Horn v. Sankary , 161 S.W.2d 156 ( 1942 )

  • Appellees, Celia Sankary, joined by her husband, Sarah Rovinsky, joined by her husband, and Goldie Horn, joined by her husband, brought suit against Fannie Horn, a widow, in trespass to try title to a certain tract of land in the City of Fort Worth, including the contents of the improvements thereon, consisting of household furniture and furnishings, and alleged that repeated demands had been made on the defendant for possession and the income from the premises, all of which had been refused; that the improvements consist of an apartment house which is being rented by the defendant and all rents collected and appropriated by her, and they prayed for a receiver to be appointed to take charge of the premises, collect the rents and pay the operating expenses during the pendency of the suit, but giving the right of possession to defendant of the apartment occupied by her.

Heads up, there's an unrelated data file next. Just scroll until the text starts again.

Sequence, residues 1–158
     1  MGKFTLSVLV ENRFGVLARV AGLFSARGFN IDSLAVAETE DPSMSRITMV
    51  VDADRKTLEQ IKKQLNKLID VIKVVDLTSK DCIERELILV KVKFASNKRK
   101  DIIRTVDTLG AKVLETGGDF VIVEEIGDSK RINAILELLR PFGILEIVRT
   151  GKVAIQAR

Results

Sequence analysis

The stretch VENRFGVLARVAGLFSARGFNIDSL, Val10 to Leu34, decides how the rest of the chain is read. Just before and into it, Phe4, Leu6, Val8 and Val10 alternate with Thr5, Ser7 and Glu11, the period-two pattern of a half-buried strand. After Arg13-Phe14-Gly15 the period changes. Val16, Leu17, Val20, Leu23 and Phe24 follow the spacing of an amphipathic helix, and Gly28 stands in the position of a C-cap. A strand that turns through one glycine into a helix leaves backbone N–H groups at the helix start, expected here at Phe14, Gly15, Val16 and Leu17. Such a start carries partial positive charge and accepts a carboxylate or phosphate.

The defendant answered, asserting that she is the surviving wife of Eli Horn, deceased, who died in August, 1941, while in possession of the premises that had been deeded to him; that the premises had been used for many years before his death by deceased and defendant as their homestead; that an application for the probate of a purported will by Eli Horn was filed by Harry Horn, who was named in such will as independent executor; that defendant contested the probate of such will, but that the county court admitted same to probate and that defendant had appealed from such order to one of the district courts of Tarrant County and such contest is now pending in said district court.

    That plaintiffs' petition discloses that the plaintiffs and Morris Horn and a minor, David Horn, claim to be the owners of the property involved, and the answer then avers: "There is an absence of proper and necessary parties to this suit because of the following: (1) Defendant here refers to all matters hereinbefore set out; (2) That the plaintiffs' petition states that Celia Sankary, Sarah Rovinsky, Goldie Horn, together with Morris Horn and David Horn, a minor, are the owners of the property described in their petition, but said Morris Horn and David Horn are not made parties either plaintiff or defendant; (3) That no one is named in plaintiffs' petition as the legal representative, either as executor or temporary administrator of the estate of Eli Horn, deceased. Wherefore, defendant prays that this suit be abated and be dismissed at plaintiffs' cost."